It seems that just about everyone in the country knew that the Panthers should go for it on fourth down except for the one man who counted: Carolina coach Ron Rivera. My own analysis agrees with that of Aaron Schatz and others, that the Panthers would have needed about a 35 percent chance at conversion to make a fourth-down attempt worthwhile.
Many teams employ analytics experts to help them prepare for decisions like that, and NFL coaching staffs are buying into stats like these more every day. But when the pressure is on, coaches don’t think rationally. And even when they stumble into making the right decision, they don’t seem able to explain their thinking except in vague terms. (See Smith, Mike—fourth down in overtime, 2011.)
Why does this happen? One common argument is that coaches are afraid to lose their jobs, and so they revert to conventional wisdom as a way to cover their asses. But I think two common fallacies provide a better explanation for what’s going on here.
The first fallacy is called base rate neglect. This is an error all people tend to make, even experts. The most common example is when doctors are asked to estimate the chances of someone having a disease given certain facts. They almost universally ignore the base rate of the disease—that, say, only one in 100,000 people in the population will ever contract it.
Similarly, when coaches are asked in postgame press conferences about fourth-down decisions, they discuss only the particulars of the situation: how successful they were on the two short-yardage plays earlier in the game, the nagging injury to the left guard, and the success his defense has had so far that day. What they always ignore is the base rate of success. But it’s the most important piece of information. It’s the one thing you’d want to know as a head coach in such a situation. All that other stuff affects the equation at the margins, but unless you know the base rate they’re practically useless. That’s the analysis I provide—the base rates that show how often teams succeed on fourth down, and the effect on your win probability if you go for it.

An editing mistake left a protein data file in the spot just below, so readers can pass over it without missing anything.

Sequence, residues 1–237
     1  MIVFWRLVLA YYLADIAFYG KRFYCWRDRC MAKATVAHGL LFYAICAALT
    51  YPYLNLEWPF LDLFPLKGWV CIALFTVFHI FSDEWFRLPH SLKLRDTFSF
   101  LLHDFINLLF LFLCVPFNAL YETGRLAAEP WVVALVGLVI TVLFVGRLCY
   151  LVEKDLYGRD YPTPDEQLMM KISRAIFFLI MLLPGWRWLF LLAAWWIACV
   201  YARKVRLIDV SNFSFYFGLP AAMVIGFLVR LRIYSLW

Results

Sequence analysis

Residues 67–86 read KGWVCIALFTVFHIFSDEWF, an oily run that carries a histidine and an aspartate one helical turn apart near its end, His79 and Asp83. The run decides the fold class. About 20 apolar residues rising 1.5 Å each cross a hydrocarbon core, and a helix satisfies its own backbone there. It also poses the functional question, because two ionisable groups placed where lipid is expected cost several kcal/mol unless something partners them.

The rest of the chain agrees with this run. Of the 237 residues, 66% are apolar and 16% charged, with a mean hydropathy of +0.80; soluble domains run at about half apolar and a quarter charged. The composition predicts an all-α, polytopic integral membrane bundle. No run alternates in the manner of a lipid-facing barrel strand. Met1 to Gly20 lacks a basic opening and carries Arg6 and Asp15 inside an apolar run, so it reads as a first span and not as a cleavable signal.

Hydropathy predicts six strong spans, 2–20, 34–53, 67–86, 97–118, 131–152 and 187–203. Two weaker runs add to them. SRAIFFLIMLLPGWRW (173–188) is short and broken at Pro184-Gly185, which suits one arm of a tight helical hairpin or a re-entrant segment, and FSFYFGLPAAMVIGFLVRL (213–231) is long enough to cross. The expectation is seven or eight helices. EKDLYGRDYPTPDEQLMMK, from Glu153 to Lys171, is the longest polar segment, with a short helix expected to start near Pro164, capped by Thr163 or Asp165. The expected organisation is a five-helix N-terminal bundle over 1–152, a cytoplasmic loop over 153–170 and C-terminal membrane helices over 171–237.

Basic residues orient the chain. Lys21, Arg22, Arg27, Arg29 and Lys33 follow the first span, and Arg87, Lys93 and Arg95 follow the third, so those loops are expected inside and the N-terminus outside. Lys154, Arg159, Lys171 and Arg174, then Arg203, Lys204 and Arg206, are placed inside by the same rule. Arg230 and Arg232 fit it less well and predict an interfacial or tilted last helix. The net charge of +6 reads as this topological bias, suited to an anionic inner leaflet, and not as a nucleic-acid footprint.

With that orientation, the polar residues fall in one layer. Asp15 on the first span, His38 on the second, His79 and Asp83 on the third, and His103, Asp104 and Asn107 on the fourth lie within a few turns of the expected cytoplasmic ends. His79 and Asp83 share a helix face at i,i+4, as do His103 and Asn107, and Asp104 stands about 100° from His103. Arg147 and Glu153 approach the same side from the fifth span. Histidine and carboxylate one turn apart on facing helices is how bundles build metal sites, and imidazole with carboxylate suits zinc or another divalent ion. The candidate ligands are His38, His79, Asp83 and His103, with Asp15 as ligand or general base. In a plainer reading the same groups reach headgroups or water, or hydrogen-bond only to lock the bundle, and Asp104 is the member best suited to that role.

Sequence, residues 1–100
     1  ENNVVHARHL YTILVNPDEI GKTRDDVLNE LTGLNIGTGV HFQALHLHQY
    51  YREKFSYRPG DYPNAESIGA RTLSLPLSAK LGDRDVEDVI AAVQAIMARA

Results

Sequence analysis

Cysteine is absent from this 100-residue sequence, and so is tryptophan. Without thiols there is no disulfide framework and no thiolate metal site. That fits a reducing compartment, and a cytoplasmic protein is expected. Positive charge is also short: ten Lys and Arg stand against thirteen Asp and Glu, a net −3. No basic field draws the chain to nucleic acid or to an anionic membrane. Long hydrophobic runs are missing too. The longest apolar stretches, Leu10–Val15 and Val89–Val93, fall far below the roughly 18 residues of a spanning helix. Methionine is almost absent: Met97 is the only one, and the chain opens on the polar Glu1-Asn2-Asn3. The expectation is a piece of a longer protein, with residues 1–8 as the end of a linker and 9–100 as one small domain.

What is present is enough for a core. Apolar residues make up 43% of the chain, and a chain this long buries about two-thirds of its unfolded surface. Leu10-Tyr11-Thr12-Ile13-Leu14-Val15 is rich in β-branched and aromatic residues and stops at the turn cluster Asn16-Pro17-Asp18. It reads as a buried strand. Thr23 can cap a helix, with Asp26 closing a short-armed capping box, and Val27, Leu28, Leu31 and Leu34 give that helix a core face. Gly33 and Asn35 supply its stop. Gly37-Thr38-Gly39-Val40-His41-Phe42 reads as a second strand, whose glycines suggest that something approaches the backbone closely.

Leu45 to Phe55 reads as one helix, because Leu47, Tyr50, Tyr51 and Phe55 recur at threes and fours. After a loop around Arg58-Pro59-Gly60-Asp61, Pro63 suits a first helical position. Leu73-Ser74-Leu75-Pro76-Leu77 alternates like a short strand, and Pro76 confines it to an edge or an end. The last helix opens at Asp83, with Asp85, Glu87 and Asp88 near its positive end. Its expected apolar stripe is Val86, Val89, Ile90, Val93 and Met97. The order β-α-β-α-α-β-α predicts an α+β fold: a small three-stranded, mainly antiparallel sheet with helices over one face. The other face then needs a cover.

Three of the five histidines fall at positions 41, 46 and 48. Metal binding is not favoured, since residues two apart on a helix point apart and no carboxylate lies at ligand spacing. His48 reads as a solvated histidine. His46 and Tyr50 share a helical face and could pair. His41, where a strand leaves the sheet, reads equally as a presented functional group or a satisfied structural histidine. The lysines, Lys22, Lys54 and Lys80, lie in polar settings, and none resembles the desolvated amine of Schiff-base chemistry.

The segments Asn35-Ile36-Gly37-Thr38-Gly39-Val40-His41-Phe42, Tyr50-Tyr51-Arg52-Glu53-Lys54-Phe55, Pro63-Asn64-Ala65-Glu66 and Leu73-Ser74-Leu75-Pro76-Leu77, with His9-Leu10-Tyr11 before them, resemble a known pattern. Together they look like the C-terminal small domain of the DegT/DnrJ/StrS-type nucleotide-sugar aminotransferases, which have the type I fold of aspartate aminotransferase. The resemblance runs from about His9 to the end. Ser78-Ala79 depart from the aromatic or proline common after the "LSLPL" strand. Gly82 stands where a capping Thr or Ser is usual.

Given how coaches talk, you would think that the situational particulars almost always discourage going for it. That’s where the second fallacy comes into play, something called prospect theory. Prospect theory simply observes that we are about twice as upset to lose something as we would be happy to gain the same thing. If you misplace a $20 bill, you’ll be twice as pissed at yourself as you would be glad to find a twenty on the sidewalk. Experiments show that this is a universal human tendency.
This kind of thinking made a lot more sense to our caveman ancestors. It was never a good gamble to risk losing one woolly mammoth for the chance to get a second. The second would be a rotting mess before the next meal.
It’s a lot less logical in the NFL. Coaches see failing on fourth down as losing the $20 bill and succeeding on fourth down as finding one. They look at that single decision in isolation from the larger game, magnifying the relative consequences of failure before they make their decision. Fans and other observers—at least the logical ones—don’t feel the same effect because we’re not the ones directly confronted with the consequences. (The same phenomenon has been observed in golf, where risk-averse pros putt to avoid bogeys rather than to gain strokes by making birdies.)
I don’t think Ron Rivera was trying to preserve his job by punting. The best way for him to keep his job is to win, and that means following the numbers. Head coaches aren’t cowards. They’re humans, and risk aversion is something we’re all guilty of—we are the head coaches of our own lives, and we’re punting all day long. Whether it’s moving to the new city for that job you always wanted, starting your own business, or deciding what to order at a restaurant, we’re all more afraid than we should be of doing the wrong thing.